Flint Has Clean Water Now. Why Won’t People Drink It?
Weaver was narrowly defeated in her 2019 reelection bid by Sheldon Neeley, a state representative and former city council member who relentlessly needled the mayor for her mismanagement of the arduous project to replace the city’s lead pipes, calling her a “ceremonial mayor” who basked in the media spotlight.
When I spoke to Mayor Neeley, he acknowledged the difficulties Flint faces—public safety, sanitation and managing the city’s teetering pension system—and that the ability of residents to trust that the government can meet those needs was at an all-time low.
“People just want a government that works,” Neeley said. When I asked him about his evaluation of Weaver, he was guarded in his response, but invoked an oft-repeated campaign slogan—one that’s hints at Flint’s desperate need to believe in something beyond its own ongoing diminishment.
“The majority of voters thought I could deliver better things for them. And for the other half, I will serve them equally; I believe that over the last few months, we’re winning them over,” Neeley said. “We’re a community of victors, not a community of victims.”
In the past 12 years, then, Flint has had four different mayors. It’s also had four state-appointed emergency managers who are fully unaccountable to voters. Its water source was switched from a Detroit-owned plant on Lake Huron to the Flint River, and back again. On a deep level, it’s been drilled into Flint residents’ heads that they can’t trust their local officials to get the job done when it comes to even the most basic necessities, exemplified by the installment of the city’s emergency managers. And then they failed, too.
“There would not have been a water crisis if we had democracy in the city,” Shariff told me, pointing to how the city abandoned Detroit’s water source only at the behest of its austerity-minded, unelected state officials.
“We didn’t have the chance for residents to weigh in. Once things started to look hinky, local elected officials could have made a different decision.”
If you’re one of those residents, the water crisis isn’t just a story about lead leaching from corroded pipes, or the dizzying, Altmanesque cast of characters promising to fix it. The repair effort itself became an unending nightmare, marked by the orange flags and construction backfill that have endlessly dotted the city’s landscape since 2016, markers of the long, arduous process of replacing corroded lead pipes.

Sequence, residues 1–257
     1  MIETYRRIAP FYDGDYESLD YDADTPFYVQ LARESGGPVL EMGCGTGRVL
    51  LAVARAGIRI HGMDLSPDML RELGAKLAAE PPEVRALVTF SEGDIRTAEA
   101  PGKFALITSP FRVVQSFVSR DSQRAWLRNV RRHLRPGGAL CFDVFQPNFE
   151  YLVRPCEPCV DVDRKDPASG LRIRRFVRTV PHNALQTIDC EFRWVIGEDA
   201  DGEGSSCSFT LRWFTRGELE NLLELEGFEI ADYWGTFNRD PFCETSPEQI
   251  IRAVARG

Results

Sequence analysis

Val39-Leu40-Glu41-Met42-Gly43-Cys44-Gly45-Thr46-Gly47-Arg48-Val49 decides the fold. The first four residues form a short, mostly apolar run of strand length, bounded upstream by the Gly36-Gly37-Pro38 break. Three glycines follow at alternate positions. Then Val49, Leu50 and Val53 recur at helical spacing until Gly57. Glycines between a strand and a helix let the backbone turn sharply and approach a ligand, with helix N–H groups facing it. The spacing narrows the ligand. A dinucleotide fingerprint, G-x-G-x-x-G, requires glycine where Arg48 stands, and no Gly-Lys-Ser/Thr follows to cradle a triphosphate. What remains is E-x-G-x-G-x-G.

One of the city’s primary goals during its recovery has been very straightforward: Replace all of its lead and galvanized steel pipes with safer, more modern copper lines. But after that, nothing was simple. Like many older cities, Flint had no clear record of which pipes were outdated or dangerous; such information was scrawled on more than 100,000 note cards that languished in a city basement, some more than a century old. The information they provided was, to be generous, incomplete.
To remedy that and determine which homes were most likely to have harmful lead pipes in need of replacement, in 2016 a team of computer scientists at the University of Michigan developed a machine-learning model. Making its predictions based on homes’ ages and additional input from the state about which areas and residents might be at the highest risk, it had a 70 percent success rate, a rare spot of good news in a brutal half-decade.
“They were using this system to go to the homes that were most likely to have lead or galvanized [pipes], and they had a lot of success,” Mays told me. “Then AECOM took over.”
In late 2017, Weaver’s administration gave AECOM, a national infrastructure firm that boasts on its website of being one of Fortune’s “Most Admired Companies,” a $5 million contract meant to speed up the program. Instead, the city’s success rate in finding the pipes in question plummeted from 70 percent to 15—worse than would be expected if homes had been chosen completely at random.